Ted Wells' report last week determined that Dolphins offensive lineman Richie Incognito and two of his teammates bullied Martin.

Fleener stayed in touch with Martin via text message.

"I didn't really look at it as who was going to be wrong and who was going to be right, I just wanted the best for Jonathan regardless of who was wrong or right," Fleener said. "I didn't talk to him about the specifics or anything like that because I felt like it wasn't my place. If he wanted to talk about it that was fine. I really just wanted to make sure he was doing alright."

Martin has ties with a number of Colts.

He and Fleener, receiver Griff Whalen, quarterback Andrew Luck, safety Delano Howell and offensive coordinator Pep Hamilton were all together at Stanford.

The Colts are in need of help on the interior part of the offensive line. But Martin plays tackle and the Colts are set there with Anthony Castonzo and Gosder Cherilus.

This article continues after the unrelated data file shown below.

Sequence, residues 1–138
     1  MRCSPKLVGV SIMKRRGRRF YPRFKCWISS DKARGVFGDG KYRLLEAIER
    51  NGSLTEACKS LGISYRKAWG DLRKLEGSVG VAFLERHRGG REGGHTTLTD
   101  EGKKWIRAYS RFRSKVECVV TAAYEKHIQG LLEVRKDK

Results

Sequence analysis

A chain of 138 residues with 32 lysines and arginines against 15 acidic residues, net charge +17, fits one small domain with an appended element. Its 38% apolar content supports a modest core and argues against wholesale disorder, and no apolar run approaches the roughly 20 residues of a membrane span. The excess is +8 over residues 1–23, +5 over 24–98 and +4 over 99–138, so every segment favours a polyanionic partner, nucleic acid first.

"I don't really campaign for anybody," Fleener said. "I think that's up to our GM [Ryan Grigson] and coaching staff. They've done an awesome job putting together the team. If Coach [Chuck Pagano] or Mr. Grigson asked me, I would have nothing but support for Jonathan."
INDIANAPOLIS -- Rick Venturi isn’t surprised that Ted Wells’ report determined that Miami Dolphins offensive lineman Richie Incognito and two of his teammates bullied fellow offensive lineman Jonathan Martin.

Venturi knows all about Incognito’s aggressive style.

The former Indianapolis Colts coach was on the St. Louis Rams’ staff when Incognito played there.

“He’s a runaway train,” Venturi said Friday. “When we had him, and I think actually for a while in terms of his actual on the field stuff, I actually think he improved in Miami. But for us, he was selfish, he was loud, tried to intimidate. It was just his style. I say selfish, from the standpoint that he was highly penalized. He cost us games, cost us yardage. I was never a fan of his.”